But the American Medical Association wants a stronger approach, urging the FDA to take direct action by cutting in half the amount of salt allowed in processed foods and food served in restaurants.
Doing so, it said, could save 150,000 lives in the United States every year.
"The need for immediate action is clear," said Dr. Stephan Havas, AMA vice president for science, quality and public health, in a press release issued Thursday.
"The deaths attributed to excess salt consumption represent a huge toll -- the equivalent of a jumbo jet with more than 400 passengers crashing every day of the year, year after year."
Martin Binks, assistant professor of medical psychology at the Duke University Medical Center, agreed.
"In terms of self-regulation, the food industry has proven itself incapable of acting in the best interests of public health time and time again," he said. "So yes, I do feel that well-crafted and sensible regulation could go a long way in promoting better public health."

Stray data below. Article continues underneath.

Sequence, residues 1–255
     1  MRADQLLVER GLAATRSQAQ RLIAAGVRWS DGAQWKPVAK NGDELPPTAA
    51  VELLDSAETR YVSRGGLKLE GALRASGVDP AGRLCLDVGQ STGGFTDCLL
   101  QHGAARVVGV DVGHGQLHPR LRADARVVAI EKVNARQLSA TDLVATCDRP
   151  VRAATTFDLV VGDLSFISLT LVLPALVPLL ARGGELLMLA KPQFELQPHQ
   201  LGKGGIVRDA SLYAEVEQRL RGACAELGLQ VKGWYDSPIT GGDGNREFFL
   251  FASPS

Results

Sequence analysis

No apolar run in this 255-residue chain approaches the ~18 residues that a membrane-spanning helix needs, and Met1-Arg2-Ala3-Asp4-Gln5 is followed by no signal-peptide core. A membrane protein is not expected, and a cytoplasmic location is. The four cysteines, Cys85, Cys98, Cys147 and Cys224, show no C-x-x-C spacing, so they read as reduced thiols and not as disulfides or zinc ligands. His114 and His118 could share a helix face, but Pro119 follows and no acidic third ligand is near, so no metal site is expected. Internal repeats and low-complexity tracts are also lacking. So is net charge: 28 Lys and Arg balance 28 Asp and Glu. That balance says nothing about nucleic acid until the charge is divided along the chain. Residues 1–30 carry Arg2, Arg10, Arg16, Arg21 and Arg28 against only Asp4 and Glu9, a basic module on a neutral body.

Still, others feel that though the public should be informed about the amount of sodium in foods, the ultimate choice should be left up to the consumer.
"I do not think the FDA should regulate the amount of sodium," said Mary Beth Kavanagh, instructor in the department of nutrition at Case Western Reserve University in Cleveland.
"The FDA should make certain that consumers are aware of the sodium content of processed foods and let consumers decide."
Despite the strong sentiments of various medical groups, some diet experts believe salt should be put on the back burner so that attention can be focused on more important public health issues, such as sugar intake and obesity.
"Sodium in food is not as big a problem as the use of sugar and high fructose corn syrup in foods and drinks," said Dr. Jana Klauer, who's in private practice in New York.
"Sugar in its various disguises -- table sugar, high fructose corn syrup, and refined carbohydrates -- is making America fat," she added. "The AMA would be wise to address the ubiquitous use of sugar before crusading against salt."
And even Binks agreed that salt should take a back seat to what he feels are greater dietary evils.
"While I agree that sodium is important, I am not sure it should be the primary target of regulatory efforts," he said.
"Portion sizes and caloric density of foods and foods high in sugars and fats that provide little satiety but plenty of calories contribute immensely to the obesity epidemic, which is responsible for 400,000 deaths per year."